3. The good news is that some activities are less risky than people fear. You can walk, run, or bike outdoors without a mask, for example. It's more important to maintain at least a 6-foot distance from others outside than it is to wear a mask. (Close outdoor conversations excluded; see #1) You can also feel okay about "quick errands" -- running to the grocery store, the pharmacy, or the post office, for example. Just minimize your time, wear a mask, keep your distance from others, and wash your hands as soon as you get back home.

The NYT briefing this morning also talked about creating a personal risk budget to manage your Covid exposure risk. Figure out what you NEED to do (grocery shopping, for example) and what you DON'T need to do (browsing at a book store, for example, or working out at the gym) so you can figure out if you CAN do something carefully (meeting a friend for an outdoor, socially-distanced walk -- with masks, for example). 

Bottom line . . . 
Sometimes HOPE looks like a shot in the arm!

Be patient, my friends.
We're so close.
Hang in there.
And be smart!

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My best wishes to all of you . . . for a weekend filled with peace and hope. And something fun . . . with appropriate risk-management, of course.

 

 

 

 

Comments

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Kat

Yes to all of this... but even if you don't want to do this for yourself, do it for the healthcare workers that are running on empty these days. They'd love it if we all stayed away from others and helped to give them a break!

:) Have an awesome weekend!

Patty

Yes! Yes! Yes! My friend is sitting at urgent care right this minute with a non-covid issue and the people are pouring in because they are just finding out they've been exposed. The mean Patty says Happy Thanksgiving losers! (I'm sorry not sorry.) We've got to do our part! xoxo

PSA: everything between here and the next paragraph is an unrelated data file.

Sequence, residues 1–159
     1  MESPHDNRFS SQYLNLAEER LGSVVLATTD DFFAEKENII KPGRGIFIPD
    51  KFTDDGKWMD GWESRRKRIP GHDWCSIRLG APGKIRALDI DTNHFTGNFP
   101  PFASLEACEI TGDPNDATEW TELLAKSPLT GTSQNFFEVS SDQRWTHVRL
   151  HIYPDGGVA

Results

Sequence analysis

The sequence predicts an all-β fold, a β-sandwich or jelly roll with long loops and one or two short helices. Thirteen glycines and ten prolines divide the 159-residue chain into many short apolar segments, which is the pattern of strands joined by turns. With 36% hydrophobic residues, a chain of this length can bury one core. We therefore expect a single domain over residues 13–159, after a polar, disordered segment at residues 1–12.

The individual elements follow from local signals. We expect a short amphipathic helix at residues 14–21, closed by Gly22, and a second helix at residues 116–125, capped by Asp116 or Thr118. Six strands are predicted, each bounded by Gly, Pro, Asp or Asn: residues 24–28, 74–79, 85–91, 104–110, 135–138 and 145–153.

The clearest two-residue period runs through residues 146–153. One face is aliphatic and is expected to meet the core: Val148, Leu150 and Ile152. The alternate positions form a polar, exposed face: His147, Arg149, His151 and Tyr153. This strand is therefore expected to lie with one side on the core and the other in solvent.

Carole

This is all terrific advice and I'm going to really try to stick with this for the next little while.

Bonny

I'm glad that your father will hopefully receive the vaccine early on. I wish I could convince Justin's girlfriend about #1 on the Risk Minimization! She had dinner for 5 of her "closest friends" who were visiting from FL, all indoors, all unmasked. Justin didn't attend, but it's behaviors like that that are going to spread the virus far and wide.

Sarah

Well I used that tool, and in the graphic representation, I am fourth from the end of the line! (I guess sometimes there are down sides to being relatively young!) But I can be patient and wait as long as it takes -- I'd much rather my parents and in-laws and older relatives get the vaccine first! I'm also feeling pretty good about how well we've doing all the right things (working from home, wearing masks whenever we leave the house, etc.). But in the past week we've also learned just how insidious this virus is. Both my brother and sister-in-law recently tested positive; they think my sister-in-law may have caught it at work (she's a pharmacist at our local children's hospital, so she can't work from home). Thankfully they're both fine and had only mild symptoms, but they've been very careful and yet still got it.

Margene

Buying warm clothing (thanks for the leggings tip!) and stopping by to visit with friends and staying on the porch or going for a walk with friend (or family) has been our salvation! Mylo and I have a favorite route we take daily and often find friends along the way. It would be nice to be able to visit longer, inside a living room, in not freezing weather, but since most of the people I know are near the bottom of the vaccine line, we'll keep taking the same precautions we have for the last 9 months. I think it will be a year before we're out and about in any "normal" sort of way.

Kathy Boyer

Great great Post. We have to get tougher. We are spoiled Americans. Knowing I am not interacting with others, except my husband and cats, and that is helping our county , is enough. I am impatient with those who whine. I know families that had children with brain tumors, and their lives were upside down for far longer. With deadly outcomes reminding them, each time a lock of hair fell.
Im grateful for Zoom. I had a great hour with 3 shop owners in maryland today. We zoom games with our families. We have tons of work to do in our woods. Stay strong!